Volvo Cars did something big, bold, and daring in 2008 that could transform aviation safety today.
First, they set an impossible goal: “Our Vision is that no one is killed or injured in a Volvo by 2020.”
Then, they acted on it.
[See the full Volvo Vision 2020 presentation here]
They set a clear goal, they gave themselves a deadline, and they told the world about it
The 15 words of the Volvo Vision are 100 times more inspiring and engaging than any long-winded safety poster I’ve ever seen hanging from the walls of an aviation operation.
Lessons from Volvo’s safety culture don’t only belong on roads, aviation and safety culture can learn from Volvo’s vision.
For example, I’ve often heard people in aerial firefighting question the “zero accidents” mentality.
They say, “That’s impossible – there are too many inherent risks to the activity”.
That might be true, as Volvo learned back in 2020 when they failed to meet their own impossible goal. But in this case, failing to reach a goal was not the same as failure.
Imagine the level of commitment and purpose from Volvo engineers and researchers when their leaders stood up for safety in a public way!
Most importantly, the company saved lives and prevented harm. Results back them up.
In the UK, experts from Thatcham Research analyzed official police-provided Government accident statistics, cross-matched them with insurance data, and found no record of anyone ever dying inside an XC90 – either as a passenger or driver – between 2004 and 2017. At the time, over 50.000 had been sold!
As committed innovators, they kept ahead of coming regulatory changes, sometimes even inducing them, rather than being behind and adapting.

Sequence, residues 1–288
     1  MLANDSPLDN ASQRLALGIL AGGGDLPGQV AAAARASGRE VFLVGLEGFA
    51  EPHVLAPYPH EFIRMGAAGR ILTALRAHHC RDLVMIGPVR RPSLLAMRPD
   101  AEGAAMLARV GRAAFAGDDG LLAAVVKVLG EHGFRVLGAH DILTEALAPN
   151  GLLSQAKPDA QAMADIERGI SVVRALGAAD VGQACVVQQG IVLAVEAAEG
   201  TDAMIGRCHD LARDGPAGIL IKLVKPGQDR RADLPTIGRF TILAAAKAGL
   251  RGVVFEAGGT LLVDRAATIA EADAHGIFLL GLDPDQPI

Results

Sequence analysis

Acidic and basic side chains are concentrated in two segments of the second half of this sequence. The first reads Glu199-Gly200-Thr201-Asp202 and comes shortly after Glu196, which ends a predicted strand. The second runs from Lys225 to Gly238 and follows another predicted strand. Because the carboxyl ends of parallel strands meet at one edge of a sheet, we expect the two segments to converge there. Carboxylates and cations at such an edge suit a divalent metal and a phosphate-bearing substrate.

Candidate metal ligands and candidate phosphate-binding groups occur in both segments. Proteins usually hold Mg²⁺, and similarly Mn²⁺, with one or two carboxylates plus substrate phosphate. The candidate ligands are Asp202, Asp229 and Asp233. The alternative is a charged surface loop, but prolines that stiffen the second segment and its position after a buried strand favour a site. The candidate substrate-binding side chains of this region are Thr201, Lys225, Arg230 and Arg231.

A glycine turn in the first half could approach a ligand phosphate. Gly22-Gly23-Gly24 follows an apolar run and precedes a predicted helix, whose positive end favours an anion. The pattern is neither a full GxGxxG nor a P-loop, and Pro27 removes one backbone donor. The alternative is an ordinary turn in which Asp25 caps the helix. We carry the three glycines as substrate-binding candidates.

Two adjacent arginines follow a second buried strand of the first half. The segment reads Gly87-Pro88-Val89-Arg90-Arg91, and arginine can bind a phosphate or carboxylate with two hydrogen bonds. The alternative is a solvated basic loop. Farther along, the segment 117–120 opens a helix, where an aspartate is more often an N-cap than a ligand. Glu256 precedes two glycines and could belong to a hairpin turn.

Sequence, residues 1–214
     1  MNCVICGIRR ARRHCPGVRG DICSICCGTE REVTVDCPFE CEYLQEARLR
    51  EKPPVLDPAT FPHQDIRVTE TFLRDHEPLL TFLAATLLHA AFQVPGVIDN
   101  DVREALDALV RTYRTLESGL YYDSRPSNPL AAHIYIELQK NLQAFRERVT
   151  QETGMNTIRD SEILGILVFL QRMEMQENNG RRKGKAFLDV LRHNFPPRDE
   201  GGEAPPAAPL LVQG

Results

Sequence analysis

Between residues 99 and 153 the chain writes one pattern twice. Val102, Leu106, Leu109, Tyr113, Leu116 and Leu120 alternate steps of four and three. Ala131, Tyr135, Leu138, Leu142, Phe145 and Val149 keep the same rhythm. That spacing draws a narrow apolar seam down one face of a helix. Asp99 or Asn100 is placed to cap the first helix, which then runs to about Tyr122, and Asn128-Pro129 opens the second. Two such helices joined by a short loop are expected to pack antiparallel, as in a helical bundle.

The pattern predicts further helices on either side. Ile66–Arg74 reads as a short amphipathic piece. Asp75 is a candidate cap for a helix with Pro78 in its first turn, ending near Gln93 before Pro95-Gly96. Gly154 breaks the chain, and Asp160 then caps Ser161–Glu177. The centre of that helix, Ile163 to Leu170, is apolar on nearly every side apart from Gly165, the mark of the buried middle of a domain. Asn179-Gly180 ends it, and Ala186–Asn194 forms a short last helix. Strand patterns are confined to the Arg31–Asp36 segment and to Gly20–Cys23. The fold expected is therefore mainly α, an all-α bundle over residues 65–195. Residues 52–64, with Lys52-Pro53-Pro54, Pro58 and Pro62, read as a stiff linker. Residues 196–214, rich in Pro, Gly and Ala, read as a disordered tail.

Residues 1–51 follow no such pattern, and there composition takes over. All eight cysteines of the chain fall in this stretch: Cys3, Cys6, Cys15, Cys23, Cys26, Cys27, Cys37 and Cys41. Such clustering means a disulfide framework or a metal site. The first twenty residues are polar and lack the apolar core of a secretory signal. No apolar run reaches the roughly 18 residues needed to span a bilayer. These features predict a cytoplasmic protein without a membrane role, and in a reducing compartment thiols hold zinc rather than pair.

In 1959, Volvo invented the 3 point safety belt, which has saved more than 1 million lives since then. Other manufacturers got it for free.
The Volvo car accident research team was also created during that decade. It has been deployed over 43.000 times to gather safety information. There are over 100 research papers available for download.
Volvo’s commitment to safety is evident in many of the modern features most brands use: AEB, ACC, BLIS, Lane Assist, and connected safety.
They work cross-functionally, encouraging the industry, cooperating with authorities, and challenging researchers, all under one voice. Their proactive planning of traffic infrastructure and safe roads is one example.
Corporate responsibility and the right to feel safe. I have heard that before…very Swedish!
Check out the video below and consider how your company and the manufacturer of the machine you currently work with are ensuring your safety and that of those around you.
Are you fortunate enough to work for a safety leader?
#aviation #safety #aerialfirefighting